Tuesday, 3 March 2015

Feline behaviour explained – cat body language

In the first of a three-part series of visual guides about cat behaviour, we’re examining common cat body language and postures.

Learning to understand your cat by reading their body language is a fascinating part of owning a cat and it can improve the relationship between you. Cats can be very subtle in their body language and can be difficult to ‘read’ as they have not evolved the many visual communication signals that are seen in social species, like dogs. Spend time watching your cat – see how they move and interacts with their environment, their facial expressions, body postures and vocalisations in different situations – and you can start to build a picture of how your cat is feeling. Here are a few common body postures to give you clues about your cat’s mood:

Cat body language guide


Should you have any concerns about your cat’s health or behaviour, consult your vet.

Please do print this visual guide for a handy reference or share it with friends who may find it useful!


To find out more about feline behaviour, read our Essential Guide leaflet: Understanding your cat’s behaviour or access our free online e-learning course: Understanding Feline Origins.

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5 comments:

  1. Ahhh, the Social Roll. We call that the Trust as all vulnerable areas are exposed. When our cat does it we say she is 'Trusting'.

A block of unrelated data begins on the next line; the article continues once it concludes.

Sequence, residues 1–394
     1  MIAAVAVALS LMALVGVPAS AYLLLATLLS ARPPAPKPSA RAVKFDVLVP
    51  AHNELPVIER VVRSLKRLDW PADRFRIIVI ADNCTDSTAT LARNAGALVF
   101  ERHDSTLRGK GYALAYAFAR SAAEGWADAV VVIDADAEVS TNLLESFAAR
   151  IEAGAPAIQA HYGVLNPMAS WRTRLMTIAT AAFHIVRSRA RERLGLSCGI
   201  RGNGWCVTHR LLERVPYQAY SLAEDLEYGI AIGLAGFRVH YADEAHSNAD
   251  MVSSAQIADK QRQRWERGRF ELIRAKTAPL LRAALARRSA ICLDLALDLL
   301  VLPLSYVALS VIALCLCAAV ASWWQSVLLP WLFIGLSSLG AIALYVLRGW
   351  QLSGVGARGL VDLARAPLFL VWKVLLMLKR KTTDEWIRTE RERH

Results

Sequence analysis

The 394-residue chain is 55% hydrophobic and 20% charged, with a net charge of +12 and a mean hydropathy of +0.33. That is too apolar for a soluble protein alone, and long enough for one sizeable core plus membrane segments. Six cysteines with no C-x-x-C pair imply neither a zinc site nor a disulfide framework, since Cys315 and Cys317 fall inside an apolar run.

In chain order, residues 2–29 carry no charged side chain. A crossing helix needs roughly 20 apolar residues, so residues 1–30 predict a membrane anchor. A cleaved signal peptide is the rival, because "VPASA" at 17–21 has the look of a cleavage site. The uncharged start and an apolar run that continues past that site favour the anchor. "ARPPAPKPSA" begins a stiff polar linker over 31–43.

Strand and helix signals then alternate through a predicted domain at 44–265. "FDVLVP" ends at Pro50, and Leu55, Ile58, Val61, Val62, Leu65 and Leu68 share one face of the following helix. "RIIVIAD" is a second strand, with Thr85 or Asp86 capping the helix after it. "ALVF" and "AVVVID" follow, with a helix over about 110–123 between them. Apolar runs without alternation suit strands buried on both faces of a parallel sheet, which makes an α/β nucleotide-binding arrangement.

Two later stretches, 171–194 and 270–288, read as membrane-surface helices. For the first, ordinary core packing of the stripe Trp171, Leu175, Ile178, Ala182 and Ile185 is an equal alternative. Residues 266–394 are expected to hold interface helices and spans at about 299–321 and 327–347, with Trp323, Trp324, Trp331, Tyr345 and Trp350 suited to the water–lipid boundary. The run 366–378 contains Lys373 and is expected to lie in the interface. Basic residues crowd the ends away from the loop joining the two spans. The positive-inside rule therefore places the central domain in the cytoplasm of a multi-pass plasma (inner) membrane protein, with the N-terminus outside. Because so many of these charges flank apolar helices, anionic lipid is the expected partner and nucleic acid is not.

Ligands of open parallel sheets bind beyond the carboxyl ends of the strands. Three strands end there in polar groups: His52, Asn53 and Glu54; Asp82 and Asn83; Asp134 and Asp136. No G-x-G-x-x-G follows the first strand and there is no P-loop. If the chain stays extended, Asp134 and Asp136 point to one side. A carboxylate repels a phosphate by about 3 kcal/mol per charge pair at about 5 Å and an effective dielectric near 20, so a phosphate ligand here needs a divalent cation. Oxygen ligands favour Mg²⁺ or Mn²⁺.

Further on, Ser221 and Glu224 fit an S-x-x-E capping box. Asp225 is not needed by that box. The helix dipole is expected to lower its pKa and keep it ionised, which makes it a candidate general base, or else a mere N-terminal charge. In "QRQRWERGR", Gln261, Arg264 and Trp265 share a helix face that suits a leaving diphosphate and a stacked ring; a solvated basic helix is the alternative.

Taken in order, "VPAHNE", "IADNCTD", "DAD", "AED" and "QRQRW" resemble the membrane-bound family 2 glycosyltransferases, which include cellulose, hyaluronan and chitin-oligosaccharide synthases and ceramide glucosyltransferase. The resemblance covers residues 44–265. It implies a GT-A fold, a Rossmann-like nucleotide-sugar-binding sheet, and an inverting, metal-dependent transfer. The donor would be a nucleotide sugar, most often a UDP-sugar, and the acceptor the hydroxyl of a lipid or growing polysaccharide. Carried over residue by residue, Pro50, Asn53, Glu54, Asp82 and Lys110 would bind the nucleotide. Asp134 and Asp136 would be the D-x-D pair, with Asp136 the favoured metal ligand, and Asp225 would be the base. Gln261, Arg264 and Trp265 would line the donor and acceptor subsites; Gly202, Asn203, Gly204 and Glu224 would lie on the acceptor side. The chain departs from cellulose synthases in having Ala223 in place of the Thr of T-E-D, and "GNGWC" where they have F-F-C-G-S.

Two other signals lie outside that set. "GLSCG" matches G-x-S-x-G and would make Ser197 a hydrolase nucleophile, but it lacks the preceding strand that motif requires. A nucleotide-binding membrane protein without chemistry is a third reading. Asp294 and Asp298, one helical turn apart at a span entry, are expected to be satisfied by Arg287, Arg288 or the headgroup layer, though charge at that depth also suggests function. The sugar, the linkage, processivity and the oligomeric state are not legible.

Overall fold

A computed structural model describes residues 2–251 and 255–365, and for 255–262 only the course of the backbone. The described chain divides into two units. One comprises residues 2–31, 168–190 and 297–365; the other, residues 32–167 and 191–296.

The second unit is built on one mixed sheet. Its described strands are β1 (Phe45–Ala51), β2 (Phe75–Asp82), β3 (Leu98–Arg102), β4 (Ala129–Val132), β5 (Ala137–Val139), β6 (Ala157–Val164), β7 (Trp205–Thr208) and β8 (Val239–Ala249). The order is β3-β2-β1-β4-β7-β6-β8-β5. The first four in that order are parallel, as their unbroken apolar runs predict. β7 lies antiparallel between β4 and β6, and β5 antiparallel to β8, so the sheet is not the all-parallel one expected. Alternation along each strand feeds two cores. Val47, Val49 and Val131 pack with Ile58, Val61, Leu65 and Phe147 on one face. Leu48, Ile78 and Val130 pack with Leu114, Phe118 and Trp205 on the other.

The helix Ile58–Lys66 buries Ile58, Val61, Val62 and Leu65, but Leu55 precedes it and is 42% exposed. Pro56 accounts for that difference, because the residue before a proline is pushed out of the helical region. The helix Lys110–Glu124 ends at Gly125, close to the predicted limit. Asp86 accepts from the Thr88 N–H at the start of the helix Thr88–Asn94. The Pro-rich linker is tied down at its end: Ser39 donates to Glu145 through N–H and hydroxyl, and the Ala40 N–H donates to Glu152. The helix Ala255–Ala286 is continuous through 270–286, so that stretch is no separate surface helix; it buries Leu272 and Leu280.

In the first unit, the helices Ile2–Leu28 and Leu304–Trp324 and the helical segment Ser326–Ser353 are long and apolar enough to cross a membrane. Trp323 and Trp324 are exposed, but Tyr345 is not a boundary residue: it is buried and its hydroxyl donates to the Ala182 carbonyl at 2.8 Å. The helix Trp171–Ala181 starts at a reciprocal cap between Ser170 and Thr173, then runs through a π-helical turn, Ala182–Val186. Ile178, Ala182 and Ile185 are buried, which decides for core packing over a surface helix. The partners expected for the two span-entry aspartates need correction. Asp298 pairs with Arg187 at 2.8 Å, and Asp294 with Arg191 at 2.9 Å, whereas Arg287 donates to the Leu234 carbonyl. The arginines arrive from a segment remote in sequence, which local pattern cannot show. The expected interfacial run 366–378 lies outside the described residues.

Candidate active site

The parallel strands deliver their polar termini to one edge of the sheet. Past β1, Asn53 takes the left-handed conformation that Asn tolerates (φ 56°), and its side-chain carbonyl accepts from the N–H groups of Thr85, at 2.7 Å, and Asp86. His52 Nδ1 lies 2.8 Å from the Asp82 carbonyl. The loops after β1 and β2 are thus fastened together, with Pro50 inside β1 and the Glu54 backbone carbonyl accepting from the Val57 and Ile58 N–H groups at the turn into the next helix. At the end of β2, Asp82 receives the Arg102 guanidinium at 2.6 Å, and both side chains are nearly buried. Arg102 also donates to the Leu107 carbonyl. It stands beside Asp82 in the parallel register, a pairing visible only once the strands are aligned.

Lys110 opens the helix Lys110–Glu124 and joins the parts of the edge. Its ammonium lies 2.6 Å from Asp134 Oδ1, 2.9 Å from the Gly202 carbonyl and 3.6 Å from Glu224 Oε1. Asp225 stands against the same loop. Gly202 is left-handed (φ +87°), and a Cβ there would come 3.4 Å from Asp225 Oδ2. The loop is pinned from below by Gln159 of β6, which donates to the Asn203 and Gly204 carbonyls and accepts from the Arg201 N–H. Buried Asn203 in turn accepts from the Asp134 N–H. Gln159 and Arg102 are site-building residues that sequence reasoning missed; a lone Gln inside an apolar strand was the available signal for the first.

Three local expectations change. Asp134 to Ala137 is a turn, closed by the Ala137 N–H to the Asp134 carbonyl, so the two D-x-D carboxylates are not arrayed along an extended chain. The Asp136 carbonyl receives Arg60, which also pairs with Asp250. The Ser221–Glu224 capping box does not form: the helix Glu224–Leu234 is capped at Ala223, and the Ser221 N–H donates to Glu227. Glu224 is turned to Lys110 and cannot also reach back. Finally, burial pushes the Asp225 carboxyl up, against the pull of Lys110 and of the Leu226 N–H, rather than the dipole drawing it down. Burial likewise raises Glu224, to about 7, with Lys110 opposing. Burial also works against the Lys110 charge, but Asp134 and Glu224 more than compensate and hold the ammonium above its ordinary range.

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    1. Yeah, you're right. When a cat does this, she/he trusts you. There's also another sign of trust which was not included in the article. It's when a cat greets you with their tail and ears facing upwards. I wonder why it was not included.

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    2. We have some more information about cat body language here: https://www.cats.org.uk/help-and-advice/cat-body-language and a new video on this topic here: https://www.youtube.com/watch?v=OXl5FToQDPA

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  2. Hi. I'm seriously worried. My 3 yr old moggy was neutered last Friday, by Monday she was in very bad way, I just knew it wasn't right. Took bk to get and she had temp. He said swelling was normal etc and gave intravenous antibiotics. She seemed to be on the mend but still now is walking with difficulty where she is in pain. She is eating but barely drinking. Swelling has got bigger, about the size of 50p coin. Has anybody any help or advice please, as taking her back to the vet really stresses her!
    Please help
    Clare

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    1. Hi Clare, we would strongly advise that you do take your cat back to the vet as they will be able to advise you what to do next based on the cat's current condition. Paws crossed she gets better soon!

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